Every so often, /m/ talks about what a western SRW game would look like and the last few years have been pretty good in expanding the roster of stuff with actual mecha in them. Ten years ago, you’d basically be limited to Megas, IGPX, Power Rangers, Voltron, BattleTech/MechWarrior, Heavy Gear, ExoSquad, CthulhuTech, and the litany of space opera shows that heavily involved spaceships. Now there’s a bunch of western indie mecha games to fill out the roster with, although as far as I know, only Sunrider actually has proper fleshed out characters.
One thing that always gets me with SRW as a concept, whether it’s just confined to one countries IPs or IPs from both sides of the Pacific, is the scope gap between the stuff that’s set on one planet (usually Earth) and all the stuff that has regular interstellar travel. There’s a startlingly low amount of actual mecha IPs where both sides can travel faster than light, and I think the west actually has a slight edge in numbers there.
In case anyone’s curious, someone on Youtube translated the Kaiji scenario from Girls’ RPG Cinderella Life.
On watching Oishinbo on you tube.
They don’t skip episodes, it’s that YouTube displays them randomly.
To see the episodes in order:
1. Log into, or create, a free YouTube account.
2. Go to the series and subscribe to it.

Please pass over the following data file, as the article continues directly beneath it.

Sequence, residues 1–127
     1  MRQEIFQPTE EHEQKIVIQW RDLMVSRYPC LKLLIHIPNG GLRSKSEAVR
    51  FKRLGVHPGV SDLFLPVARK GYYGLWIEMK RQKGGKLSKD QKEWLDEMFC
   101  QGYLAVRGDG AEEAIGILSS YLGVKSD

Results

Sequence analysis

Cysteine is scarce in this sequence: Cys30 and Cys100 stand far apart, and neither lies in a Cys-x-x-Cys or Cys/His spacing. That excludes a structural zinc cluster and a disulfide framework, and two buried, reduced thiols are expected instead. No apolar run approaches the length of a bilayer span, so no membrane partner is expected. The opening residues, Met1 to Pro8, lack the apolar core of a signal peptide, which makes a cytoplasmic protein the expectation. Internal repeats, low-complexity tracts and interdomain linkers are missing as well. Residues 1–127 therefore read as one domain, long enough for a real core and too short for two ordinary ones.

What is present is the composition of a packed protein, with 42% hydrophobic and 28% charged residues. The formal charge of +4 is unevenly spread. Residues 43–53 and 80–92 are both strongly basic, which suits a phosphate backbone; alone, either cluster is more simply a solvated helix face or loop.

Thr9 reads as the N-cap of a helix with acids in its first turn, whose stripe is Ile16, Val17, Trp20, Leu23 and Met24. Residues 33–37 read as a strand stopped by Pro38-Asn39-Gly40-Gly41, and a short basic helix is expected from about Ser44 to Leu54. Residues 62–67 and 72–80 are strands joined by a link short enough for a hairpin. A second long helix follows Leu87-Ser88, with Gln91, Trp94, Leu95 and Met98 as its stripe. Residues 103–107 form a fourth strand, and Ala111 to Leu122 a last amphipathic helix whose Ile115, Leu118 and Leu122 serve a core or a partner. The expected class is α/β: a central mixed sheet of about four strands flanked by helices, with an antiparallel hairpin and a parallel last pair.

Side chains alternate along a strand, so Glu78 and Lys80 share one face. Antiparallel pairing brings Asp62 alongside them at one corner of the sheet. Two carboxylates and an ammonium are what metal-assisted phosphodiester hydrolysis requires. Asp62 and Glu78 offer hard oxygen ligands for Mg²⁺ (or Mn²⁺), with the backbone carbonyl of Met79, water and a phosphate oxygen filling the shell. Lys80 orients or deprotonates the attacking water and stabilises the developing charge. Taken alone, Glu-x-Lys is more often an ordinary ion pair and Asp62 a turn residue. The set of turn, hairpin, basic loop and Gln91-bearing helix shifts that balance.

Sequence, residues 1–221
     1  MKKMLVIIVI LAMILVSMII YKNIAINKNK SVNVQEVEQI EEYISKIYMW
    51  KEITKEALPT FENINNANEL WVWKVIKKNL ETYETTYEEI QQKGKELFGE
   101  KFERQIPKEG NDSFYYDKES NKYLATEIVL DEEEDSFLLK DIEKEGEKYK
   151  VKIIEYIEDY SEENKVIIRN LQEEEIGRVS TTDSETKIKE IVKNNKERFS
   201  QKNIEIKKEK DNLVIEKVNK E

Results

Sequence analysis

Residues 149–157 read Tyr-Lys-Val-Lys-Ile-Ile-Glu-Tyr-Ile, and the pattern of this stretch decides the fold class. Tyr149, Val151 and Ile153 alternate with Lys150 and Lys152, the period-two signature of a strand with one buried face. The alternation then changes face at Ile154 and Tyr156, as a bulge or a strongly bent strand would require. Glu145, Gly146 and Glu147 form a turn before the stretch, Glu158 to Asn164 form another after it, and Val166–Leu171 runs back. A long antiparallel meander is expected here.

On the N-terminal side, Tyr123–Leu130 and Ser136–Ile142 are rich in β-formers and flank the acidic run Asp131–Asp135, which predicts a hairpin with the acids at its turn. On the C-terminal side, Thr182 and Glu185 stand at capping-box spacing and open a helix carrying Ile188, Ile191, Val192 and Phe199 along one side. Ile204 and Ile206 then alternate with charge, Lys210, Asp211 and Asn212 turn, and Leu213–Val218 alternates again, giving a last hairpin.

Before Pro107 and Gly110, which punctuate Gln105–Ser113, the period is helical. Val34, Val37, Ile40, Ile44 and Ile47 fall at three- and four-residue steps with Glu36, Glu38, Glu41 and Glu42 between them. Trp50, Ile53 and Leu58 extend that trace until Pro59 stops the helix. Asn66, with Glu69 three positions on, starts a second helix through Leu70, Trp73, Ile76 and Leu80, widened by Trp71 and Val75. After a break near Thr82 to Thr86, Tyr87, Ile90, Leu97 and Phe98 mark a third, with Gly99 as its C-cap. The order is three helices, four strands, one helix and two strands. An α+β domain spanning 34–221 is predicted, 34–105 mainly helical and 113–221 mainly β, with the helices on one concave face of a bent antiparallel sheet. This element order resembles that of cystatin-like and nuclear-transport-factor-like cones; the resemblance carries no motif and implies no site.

3. Click on the videos tab in the series page and you will see the latest episode first.
I can confirm the official subtitles for L-Gaim do still exist. I saved the subtitle scripts for a few shows (including L-Gaim) shortly before Daisuki dissolved in 2017. I also created versions synced to the Japanese DVD release, if anybody is interested.
I’ll throw in Vifam for good measure.
You’re amazing!! This is incredible, thank you for taking the time to save these when you could. Merry Christmas!
Late to the party, but you’re seriously underselling the madness that is Angel Sanctuary in that brief mention. Dark shojo manga with an incest fetish is on a whole other level from the shonen and seinen power fantasy you’re used to seeing that in. The OVA is terrible and covers nothing, but manga-only moments like feeding the orphans dynamite in the slums of heaven are up there with the best that Riki-Oh has to offer.
I am a simple person: I hear B The Beginning mentioned, I comment.
I am perhaps one of the few who really cared about that anime. As far as convoluted supernatural mysteries that are crammed into 12 episodes go, it was very impressive. 2nd season is technically only half complete, so still waiting for part 2. Of part 2. Some good music too, both songs, and certain bits of the score. Which I imported for 1 bonus track by the composer.